In this edition, I decided to step away from the relative comfort of my dedicated production studio and go basic, recording only with my iPad and a free app called Recorder. I did this as an exercise to show that it isn’t really necessary to invest in a mountain of gear just to get your voice committed to disk. I also give a simple explanation of a podcast publishing setup that, while hardly optimal, could technically allow you to publish a podcast (including getting that podcast into iTunes) without spending any money on web hosting.
Sometimes, you may need an easy way to create a URL on your podcast site that automatically forwards to another location. For example, instead of simply asking your listeners to visit your iTunes listing by searching for your show inside of iTunes, you could simply tell them to go to example.com/itunes (example.com being replaced by your own URL, of course) instead. You can achieve this by setting up a 301 redirect on your website. The redirect will automatically tell a web browser to go from your specially crafted URL to wherever you’ve sent the redirect.
301’s are usually added to your website’s htaccess file, depending on what type of software your site is running. I use WordPress for all of my podcast sites, and all WordPress installations include their own htaccess files.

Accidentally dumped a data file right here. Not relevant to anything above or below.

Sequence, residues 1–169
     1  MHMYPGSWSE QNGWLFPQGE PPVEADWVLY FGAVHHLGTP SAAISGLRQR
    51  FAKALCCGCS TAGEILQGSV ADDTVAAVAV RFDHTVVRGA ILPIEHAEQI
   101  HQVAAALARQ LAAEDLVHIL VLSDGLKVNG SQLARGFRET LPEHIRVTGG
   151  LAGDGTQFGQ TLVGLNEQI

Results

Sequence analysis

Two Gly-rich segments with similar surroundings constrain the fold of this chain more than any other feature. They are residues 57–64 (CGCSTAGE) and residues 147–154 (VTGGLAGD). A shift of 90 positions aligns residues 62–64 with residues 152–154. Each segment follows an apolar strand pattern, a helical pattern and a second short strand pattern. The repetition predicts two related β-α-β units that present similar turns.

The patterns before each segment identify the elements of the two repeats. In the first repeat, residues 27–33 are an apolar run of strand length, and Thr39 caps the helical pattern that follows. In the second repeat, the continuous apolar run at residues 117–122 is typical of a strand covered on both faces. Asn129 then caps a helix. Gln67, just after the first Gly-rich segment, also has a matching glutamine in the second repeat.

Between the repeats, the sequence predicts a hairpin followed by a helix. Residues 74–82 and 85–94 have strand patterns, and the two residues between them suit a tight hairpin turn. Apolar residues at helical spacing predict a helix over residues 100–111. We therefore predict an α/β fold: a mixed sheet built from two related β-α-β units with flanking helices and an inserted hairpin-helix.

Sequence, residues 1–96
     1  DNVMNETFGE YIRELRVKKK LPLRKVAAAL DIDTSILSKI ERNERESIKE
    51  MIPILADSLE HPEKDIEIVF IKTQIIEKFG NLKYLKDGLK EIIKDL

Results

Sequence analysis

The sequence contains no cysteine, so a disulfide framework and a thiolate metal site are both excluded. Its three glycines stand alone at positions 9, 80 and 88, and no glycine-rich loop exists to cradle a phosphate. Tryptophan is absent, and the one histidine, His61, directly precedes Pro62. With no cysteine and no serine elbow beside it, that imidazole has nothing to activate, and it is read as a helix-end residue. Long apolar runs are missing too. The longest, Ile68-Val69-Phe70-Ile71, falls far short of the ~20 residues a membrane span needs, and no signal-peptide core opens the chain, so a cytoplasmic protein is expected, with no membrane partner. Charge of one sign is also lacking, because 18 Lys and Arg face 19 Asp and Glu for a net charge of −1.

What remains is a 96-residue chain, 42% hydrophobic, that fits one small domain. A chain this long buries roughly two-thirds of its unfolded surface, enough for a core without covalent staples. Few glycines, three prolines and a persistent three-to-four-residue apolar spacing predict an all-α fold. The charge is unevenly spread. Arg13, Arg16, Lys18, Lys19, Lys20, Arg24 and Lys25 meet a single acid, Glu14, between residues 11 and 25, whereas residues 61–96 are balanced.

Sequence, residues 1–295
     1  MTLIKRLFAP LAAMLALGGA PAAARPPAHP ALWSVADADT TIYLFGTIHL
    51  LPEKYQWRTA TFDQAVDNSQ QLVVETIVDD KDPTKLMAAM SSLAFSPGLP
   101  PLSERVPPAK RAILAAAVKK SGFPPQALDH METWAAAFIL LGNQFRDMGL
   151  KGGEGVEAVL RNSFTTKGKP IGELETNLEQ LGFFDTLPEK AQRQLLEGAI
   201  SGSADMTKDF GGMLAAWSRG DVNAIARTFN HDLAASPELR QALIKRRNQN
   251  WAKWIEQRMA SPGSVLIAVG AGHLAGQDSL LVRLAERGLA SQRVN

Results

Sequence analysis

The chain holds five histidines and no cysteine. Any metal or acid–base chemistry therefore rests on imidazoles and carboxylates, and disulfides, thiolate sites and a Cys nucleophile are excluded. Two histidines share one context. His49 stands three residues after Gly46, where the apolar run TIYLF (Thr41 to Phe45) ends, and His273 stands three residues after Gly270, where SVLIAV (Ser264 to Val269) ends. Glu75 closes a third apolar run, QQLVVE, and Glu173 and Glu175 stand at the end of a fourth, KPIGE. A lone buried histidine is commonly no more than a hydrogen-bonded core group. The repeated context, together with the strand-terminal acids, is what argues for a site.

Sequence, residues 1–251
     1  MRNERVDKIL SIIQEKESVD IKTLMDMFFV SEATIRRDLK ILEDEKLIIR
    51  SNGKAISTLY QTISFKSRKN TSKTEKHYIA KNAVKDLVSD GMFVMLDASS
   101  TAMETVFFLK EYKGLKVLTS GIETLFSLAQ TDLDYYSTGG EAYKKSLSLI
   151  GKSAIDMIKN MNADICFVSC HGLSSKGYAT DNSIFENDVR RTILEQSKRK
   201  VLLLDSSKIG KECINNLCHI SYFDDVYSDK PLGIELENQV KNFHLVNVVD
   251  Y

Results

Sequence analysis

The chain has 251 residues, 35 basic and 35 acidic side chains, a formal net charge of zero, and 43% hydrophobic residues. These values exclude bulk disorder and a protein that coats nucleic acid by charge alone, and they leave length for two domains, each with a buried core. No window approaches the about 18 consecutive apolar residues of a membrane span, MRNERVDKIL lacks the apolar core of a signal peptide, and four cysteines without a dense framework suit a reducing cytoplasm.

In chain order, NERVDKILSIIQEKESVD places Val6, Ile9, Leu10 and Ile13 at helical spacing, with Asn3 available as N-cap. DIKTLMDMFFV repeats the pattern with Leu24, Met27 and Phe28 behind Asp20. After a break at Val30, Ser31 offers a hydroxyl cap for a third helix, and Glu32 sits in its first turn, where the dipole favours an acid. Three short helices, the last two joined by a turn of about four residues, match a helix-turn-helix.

Htaccess files may be difficult to find with typical FTP clients. You may need to alter a client’s view settings or you may need to access your server’s control panel to get to the htaccess file. This may be annoying, but it’s actually a good thing as you can do some serious damage to your site if you were to accidentally delete or damage the htaccess file. But you can easily gain access to your site’s htaccess file by using the free Yoast WordPress SEO Plugin.
The upcoming release of Windows Phone 8.1 looks to be a major rework of the OS that runs Windows-enabled mobile phones. While the release date for Windows Phone 8.1 has not yet been announced, developer previews of the operating system have been available for a couple months. Those with access to this preview version of Windows Phone 8.1 have noted that the OS comes with a podcast aggregator app as a standard feature. This is good news for podcast listeners and producers, as it’ll create an easy way for Windows Phone users to subscribe to podcasts. If you want to ensure that your podcast will be easy to add to this new aggregator, you’ll need to follow one simple guideline: Be sure your podcast’s RSS feed is discoverable by Microsoft’s search engine, Bing.
The new Windows Phone 8.1 Podcasts app won’t be powered by a built-in directory like most other podcast aggregators. Instead, when a user wants to add a new show, they’ll enter either a show title or a subject of interest into the Windows Phone Podcasts app’s search box. From there, the app will do a Bing search for the show title or subject. And from those results, it’ll help the user get subscribed to new shows. For this reason, the search engine must be able to easily locate your podcast’s RSS feed. And while it may seem like an obvious requirement to have your show’s RSS feed linked from your main podcast website, there are still a lot of podcasters who (for whatever reason) don’t do this.